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MAG Mutual Patient Safety Institute


MAG Mutual Patient Safety Institute

The MagMutual Patient Safety Institute is comprised of physician consultants, nurse consultants, loss control consultants, attorneys, and other specialists who are diligently working to identify the risks that today’s physicians and hospitals face,” says Dr. Bohlke, who is a member of MAG Mutual Insurance Company’s Board of Directors. “Their goal is to provide those physicians and hospitals with guidance and advice on how to minimize or eliminate these risks so they can focus on providing quality patient care.”

Dr. Bohlke has a family practice in Brooklet, which is about 50 miles northwest of Savannah, and he served as MAG’s president in 2012-2013.

MAG sponsors the ‘Top Docs’ program at 12 p.m. on the second and fourth Tuesday of every month. Between downloads and live listeners, MAG’s ‘Top Docs’ show has reached more than 8,000 listeners – which includes people in all 50 states and 84 countries.

MAG’s ‘Top Docs Radio’ show is supported with a grant from Health Care Research, a subsidiary of Alliant Health Solutions.

MagMutual provides medical professional liability (malpractice) insurance in Georgia and other states in the Southeast U.S. It is one of the largest medical liability insurers in the U.S. The company is rated A (Excellent) by A.M. Best.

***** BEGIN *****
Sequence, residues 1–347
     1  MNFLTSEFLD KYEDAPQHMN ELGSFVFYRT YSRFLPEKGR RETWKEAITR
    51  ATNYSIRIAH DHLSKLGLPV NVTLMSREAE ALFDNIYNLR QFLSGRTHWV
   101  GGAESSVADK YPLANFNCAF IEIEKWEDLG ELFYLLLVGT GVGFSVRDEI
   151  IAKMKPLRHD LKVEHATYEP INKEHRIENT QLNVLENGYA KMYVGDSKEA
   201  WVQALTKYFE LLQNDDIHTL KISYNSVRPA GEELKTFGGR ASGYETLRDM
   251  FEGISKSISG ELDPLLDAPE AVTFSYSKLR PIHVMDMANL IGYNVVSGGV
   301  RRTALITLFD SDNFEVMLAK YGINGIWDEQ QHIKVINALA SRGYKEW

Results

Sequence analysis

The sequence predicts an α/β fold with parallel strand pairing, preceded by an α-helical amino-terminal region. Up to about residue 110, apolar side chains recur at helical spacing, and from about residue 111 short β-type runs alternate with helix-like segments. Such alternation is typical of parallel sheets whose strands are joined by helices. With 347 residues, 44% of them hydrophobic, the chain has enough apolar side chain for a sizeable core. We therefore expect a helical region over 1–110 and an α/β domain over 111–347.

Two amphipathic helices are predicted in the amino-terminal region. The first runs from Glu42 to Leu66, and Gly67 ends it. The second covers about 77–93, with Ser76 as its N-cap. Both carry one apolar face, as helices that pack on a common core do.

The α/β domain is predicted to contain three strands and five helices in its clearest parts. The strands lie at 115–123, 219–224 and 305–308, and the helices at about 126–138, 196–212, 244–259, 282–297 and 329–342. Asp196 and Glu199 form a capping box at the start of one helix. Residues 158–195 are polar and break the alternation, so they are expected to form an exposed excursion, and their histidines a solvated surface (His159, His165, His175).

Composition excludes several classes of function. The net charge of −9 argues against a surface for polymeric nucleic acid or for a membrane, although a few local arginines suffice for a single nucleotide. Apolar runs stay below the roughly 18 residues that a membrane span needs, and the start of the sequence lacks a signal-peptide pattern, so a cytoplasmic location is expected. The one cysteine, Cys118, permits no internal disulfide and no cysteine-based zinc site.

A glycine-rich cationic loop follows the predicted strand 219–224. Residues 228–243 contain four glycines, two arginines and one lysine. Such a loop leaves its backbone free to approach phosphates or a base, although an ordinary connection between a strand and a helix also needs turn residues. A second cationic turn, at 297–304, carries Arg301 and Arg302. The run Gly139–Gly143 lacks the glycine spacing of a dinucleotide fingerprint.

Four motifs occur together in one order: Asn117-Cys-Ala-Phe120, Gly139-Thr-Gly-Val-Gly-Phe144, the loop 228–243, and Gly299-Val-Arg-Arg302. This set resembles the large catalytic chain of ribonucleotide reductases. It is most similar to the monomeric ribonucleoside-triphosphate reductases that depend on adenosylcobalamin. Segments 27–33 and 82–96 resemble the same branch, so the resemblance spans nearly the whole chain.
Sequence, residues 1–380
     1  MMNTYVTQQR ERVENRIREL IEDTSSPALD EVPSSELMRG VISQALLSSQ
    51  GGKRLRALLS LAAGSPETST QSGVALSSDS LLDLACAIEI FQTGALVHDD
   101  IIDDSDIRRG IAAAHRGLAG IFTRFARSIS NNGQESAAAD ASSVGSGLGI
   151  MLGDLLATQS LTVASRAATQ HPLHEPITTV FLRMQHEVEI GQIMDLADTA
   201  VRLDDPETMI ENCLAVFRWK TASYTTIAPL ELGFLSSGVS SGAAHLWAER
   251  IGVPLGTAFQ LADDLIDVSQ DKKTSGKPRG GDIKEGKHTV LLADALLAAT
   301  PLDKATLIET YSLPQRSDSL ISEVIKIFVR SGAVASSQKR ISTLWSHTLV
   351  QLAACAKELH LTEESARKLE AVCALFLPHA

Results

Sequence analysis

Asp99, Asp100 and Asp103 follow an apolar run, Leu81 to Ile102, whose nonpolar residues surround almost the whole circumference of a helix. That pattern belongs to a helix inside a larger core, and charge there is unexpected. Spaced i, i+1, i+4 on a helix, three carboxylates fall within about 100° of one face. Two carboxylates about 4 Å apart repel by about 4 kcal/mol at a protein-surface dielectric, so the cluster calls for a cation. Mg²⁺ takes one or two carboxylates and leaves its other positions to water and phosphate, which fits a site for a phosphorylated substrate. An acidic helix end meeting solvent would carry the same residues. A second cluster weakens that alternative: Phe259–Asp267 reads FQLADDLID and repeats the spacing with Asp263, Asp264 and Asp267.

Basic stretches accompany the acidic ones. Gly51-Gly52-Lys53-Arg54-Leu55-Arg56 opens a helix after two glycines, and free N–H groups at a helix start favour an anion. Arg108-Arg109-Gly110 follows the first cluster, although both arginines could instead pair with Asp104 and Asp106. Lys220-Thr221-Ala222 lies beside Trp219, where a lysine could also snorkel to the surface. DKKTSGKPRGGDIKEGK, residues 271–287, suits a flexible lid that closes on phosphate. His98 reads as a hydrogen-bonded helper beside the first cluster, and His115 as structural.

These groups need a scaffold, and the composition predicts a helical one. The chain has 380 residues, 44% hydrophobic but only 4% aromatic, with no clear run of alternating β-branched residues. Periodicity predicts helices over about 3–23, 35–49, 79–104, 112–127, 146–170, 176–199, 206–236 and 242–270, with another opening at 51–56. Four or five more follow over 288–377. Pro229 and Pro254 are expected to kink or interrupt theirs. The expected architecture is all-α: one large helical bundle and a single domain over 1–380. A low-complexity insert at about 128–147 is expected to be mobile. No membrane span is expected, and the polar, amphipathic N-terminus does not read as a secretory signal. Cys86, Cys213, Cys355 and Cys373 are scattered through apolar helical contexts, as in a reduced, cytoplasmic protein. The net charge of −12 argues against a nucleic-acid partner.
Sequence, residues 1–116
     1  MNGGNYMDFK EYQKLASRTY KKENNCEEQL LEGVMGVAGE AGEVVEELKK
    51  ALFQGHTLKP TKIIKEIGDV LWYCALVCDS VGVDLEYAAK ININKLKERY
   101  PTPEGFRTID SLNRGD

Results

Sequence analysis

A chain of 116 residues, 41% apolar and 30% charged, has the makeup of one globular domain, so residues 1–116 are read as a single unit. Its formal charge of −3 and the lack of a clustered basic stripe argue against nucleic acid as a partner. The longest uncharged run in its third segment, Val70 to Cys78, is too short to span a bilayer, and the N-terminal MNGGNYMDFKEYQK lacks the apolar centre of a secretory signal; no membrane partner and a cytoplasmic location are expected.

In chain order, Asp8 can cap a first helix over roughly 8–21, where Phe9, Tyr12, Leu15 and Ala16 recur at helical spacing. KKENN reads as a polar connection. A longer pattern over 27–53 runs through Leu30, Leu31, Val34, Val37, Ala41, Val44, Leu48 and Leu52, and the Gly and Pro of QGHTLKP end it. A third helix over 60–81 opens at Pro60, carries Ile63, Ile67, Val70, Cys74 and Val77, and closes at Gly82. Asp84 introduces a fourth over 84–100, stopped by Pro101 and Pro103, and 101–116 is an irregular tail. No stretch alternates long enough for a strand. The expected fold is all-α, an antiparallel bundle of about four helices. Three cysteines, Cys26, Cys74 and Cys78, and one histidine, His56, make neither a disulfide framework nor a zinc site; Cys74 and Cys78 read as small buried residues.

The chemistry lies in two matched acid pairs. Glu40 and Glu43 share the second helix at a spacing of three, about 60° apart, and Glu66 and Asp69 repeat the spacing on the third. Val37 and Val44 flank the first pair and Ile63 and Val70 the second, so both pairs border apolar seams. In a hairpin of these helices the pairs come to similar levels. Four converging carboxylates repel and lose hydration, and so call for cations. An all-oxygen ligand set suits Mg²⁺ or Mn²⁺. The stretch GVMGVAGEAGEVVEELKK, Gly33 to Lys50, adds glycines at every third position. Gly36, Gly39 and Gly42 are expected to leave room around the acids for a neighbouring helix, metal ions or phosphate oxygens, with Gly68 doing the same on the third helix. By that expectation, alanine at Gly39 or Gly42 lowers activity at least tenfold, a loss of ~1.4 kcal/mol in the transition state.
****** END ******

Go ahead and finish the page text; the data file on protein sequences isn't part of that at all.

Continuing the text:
Click for MagMutual website


National Prematurity Awareness Month

march of dimes

Tanya Mack and Danielle Brown

National Prematurity Awareness Month

The CDC website explains the reason behind National Prematurity Awareness Month this way, “In 2015, about 1 out of 10 babies was born too early in the United States. Learn about the problem, risk factors, and what we can do to reduce premature birth.

About Premature Birth

Important growth and development occur throughout pregnancy—including in the final months and weeks. Premature (also known as preterm) birth is when a baby is born too early, before 37 weeks of pregnancy have been completed. The earlier a baby is born, the higher the risk of death or serious disability. In 2013, about one-third (36%) of infant deaths were due to preterm-related causes. Babies who survive can have breathing issues, intestinal (digestive) problems, and bleeding in their brains. Long-term problems may include developmental delay (not meeting the developmental milestones for his or her age) and lower performance in school.”

Womens Telehealth’s Tanya Mack sat down with March of Dimes’ State Program Manager, Danielle Brown.  Brown explained the extent of occurrence of premature births among Georgia women and how it ranks nationally on the low end of the scale.

We explored some of the reasons behind these troubling numbers, research underway to address it, and strategies being employed around the state to bring needed screening and pre-natal care to expectant mothers.

Danielle talked about why we need to have a National Prematurity Awareness Month and some of the ways it is making a difference.

As Tanya explains, for the first time in eight years, the premature birth rate in the United States increased. Nov. 17 th was World Prematurity Day and this is Prematurity month. Approx. 15 M babies are born annually prematurely and about 1M of these/yr die before their 5 th birthday. Premature birth affects about 1:10  babies in the United States and it remains the leading cause of death in babies in the US.